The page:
Military child: A story of resilience and strength

  • Published
  • By Chustine Minoda
  • 60th Air Mobility Wing Public Affairs

U.S. President Joe Biden voiced that military children embody the very best of America — shouldering the unique challenges military life places on families across our Nation and around the world with tenacity.  

Harmony Duncan, 14-year-old daughter of U.S. Air Force Maj. Christopher Duncan, 60th Aeromedical Evacuation Squadron flight nurse, has gone through at least five permanent change of stations, both internationally and domestically. In addition to these moves, Harmony and her two younger siblings, William and Gabe, had to adapt to their father's frequent absences due to deployments and temporary duty assignments. 

“I do feel a little bit sad leaving friends, however, I also get excited because with moving comes the possibilities of making new friends,” said Harmony.  

Throughout the Duncan family’s various military moves, the children have also encountered the challenges of adapting to new schools. In one of the schools Harmony attended, she unfortunately experienced getting physically attacked by another student, which ultimately led to her being homeschooled. Because of her resilience and adaptability, she embraced this change and took her homeschooling as an opportunity to broaden her knowledge in a unique way. At 14, she has started taking college courses, discovered a supportive community within the Travis Air Force Base church youth groups and embarked on her creative journey by pursuing her passion for jewelry-making.  

Amber Duncan, Travis AFB Military and Family Readiness Center community readiness specialist and Harmony’s mom, has been the constant presence for the Duncan children. Growing up in a military family, Amber has the ability to understand and connect with her children's experiences.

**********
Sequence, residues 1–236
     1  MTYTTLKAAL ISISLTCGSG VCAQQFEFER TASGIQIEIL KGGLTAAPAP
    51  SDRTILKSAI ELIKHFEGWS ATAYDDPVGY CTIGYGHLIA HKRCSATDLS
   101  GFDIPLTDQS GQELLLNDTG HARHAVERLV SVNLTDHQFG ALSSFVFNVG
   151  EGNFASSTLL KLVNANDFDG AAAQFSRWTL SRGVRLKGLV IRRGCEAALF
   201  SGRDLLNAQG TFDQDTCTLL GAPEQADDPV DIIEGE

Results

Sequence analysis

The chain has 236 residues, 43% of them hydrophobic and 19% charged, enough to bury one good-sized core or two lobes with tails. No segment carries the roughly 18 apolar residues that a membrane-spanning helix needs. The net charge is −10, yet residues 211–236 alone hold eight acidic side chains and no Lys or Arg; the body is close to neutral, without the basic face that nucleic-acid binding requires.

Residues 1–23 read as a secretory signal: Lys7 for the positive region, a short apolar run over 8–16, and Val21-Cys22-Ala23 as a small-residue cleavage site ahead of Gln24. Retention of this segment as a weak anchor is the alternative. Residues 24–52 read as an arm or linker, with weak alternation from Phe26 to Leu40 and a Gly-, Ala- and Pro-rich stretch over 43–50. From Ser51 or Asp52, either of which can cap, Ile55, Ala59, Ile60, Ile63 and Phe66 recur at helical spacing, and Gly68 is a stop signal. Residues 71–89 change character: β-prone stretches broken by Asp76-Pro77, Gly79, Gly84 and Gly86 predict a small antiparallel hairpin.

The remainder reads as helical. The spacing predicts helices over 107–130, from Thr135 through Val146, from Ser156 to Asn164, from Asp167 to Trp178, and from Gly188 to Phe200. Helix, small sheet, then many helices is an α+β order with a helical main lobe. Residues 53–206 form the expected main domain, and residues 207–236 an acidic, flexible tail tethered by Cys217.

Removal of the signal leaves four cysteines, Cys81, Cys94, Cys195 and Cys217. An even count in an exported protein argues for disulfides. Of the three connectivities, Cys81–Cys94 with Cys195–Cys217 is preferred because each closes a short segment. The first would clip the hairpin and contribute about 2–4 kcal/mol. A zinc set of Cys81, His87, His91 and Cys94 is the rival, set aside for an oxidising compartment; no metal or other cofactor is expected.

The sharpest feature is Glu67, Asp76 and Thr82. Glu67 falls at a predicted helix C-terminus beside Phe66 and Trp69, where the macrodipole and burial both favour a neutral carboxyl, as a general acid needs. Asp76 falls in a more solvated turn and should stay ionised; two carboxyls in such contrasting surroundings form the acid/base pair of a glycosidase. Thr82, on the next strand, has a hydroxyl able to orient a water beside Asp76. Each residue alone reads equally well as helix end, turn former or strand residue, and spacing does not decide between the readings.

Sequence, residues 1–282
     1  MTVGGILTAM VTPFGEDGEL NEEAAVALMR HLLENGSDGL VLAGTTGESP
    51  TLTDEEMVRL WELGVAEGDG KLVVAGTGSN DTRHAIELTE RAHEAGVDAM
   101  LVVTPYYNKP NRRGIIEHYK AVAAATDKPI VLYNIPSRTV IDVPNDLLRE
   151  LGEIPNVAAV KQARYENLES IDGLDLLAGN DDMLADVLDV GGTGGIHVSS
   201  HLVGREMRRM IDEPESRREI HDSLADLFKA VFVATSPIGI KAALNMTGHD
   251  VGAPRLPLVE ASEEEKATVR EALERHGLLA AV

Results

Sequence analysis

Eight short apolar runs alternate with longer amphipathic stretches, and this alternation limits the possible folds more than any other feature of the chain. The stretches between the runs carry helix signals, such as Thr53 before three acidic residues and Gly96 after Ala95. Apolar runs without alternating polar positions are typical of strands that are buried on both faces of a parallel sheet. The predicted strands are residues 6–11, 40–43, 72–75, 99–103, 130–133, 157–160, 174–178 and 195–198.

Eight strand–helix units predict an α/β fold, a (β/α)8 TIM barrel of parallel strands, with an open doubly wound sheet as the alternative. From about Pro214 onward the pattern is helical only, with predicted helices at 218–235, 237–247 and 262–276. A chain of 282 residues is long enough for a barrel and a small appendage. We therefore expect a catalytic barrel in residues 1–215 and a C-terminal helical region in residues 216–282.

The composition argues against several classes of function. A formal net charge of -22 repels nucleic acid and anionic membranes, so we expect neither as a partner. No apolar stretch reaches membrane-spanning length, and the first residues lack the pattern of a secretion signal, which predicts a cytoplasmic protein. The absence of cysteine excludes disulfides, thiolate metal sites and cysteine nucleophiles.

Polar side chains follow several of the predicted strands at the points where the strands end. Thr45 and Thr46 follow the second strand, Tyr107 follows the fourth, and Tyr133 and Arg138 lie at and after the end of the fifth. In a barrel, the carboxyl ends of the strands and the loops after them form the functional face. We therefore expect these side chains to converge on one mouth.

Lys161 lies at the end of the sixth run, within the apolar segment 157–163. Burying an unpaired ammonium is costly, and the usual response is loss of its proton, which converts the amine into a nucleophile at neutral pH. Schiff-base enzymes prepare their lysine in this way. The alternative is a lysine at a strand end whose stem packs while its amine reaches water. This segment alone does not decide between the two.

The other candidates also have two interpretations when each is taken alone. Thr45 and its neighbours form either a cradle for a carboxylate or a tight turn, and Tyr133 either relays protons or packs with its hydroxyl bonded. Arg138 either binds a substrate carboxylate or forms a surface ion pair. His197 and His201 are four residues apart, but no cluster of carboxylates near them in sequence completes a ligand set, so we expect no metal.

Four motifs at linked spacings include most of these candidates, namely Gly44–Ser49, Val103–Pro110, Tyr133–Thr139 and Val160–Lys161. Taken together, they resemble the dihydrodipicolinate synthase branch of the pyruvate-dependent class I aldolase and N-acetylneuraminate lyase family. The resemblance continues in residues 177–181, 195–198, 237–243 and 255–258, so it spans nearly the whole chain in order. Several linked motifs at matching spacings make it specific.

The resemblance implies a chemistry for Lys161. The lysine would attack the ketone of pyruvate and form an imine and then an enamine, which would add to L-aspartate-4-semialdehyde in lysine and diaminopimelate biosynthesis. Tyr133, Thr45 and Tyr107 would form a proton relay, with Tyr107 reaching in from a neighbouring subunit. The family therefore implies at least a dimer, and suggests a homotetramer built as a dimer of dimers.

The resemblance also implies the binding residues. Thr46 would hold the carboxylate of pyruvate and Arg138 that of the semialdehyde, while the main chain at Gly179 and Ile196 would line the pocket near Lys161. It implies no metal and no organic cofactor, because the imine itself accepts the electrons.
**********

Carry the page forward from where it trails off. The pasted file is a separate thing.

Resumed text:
“I grew up as a military brat and I enjoyed getting the opportunity to start over, meet new people and see how the rest of the country or the world do things,” said Amber. 

According to Amber, travel presents a distinctive opportunity for military families. When stationed at Kadena Air Base, Japan, the Duncan family had the chance to explore both the country and neighboring nations. During one of their trips, they were fortunate enough to see the terra cotta army sculptures and visit the Great Wall of China, where Harmony and her brother had the unforgettable experience of climbing it. 

While stationed here, Amber expressed her appreciation for the care her family receives, particularly to the commitment of Mrs. Kris Salmi, spouse of Brig. Gen. Derek Salmi, 60th Air Mobility Wing commander, to Team Travis families' well-being. Additionally, Amber is grateful for Col. Lisa Palmer, 60th AES commander, and her dedication to the welfare of the families in her unit. 

Amber highlighted the significance of access to mental health care for military children. This is particularly crucial for children when both parents deploy, leading to an unexpected transition to being cared for by other family members, like their grandparents. This major change can make it challenging to find a balance, especially for children who are still learning to navigate their own emotions, as everyone has unique needs.  

“If your parent is going to get deployed, don’t worry,” said Harmony. “It’s going to be okay. Just breathe in and breathe out; they will be back soon. Sometimes you can’t communicate with them because their internet can be spotty, but you are going to be alright, you are going to be good.”

Harmony will be starting high school in person this fall. Additionally, she plans to continue her jewelry-making business once her family relocates to their next military base next month. In pursuit of helping others, Harmony intends to donate 30% of her profits to various charitable organizations.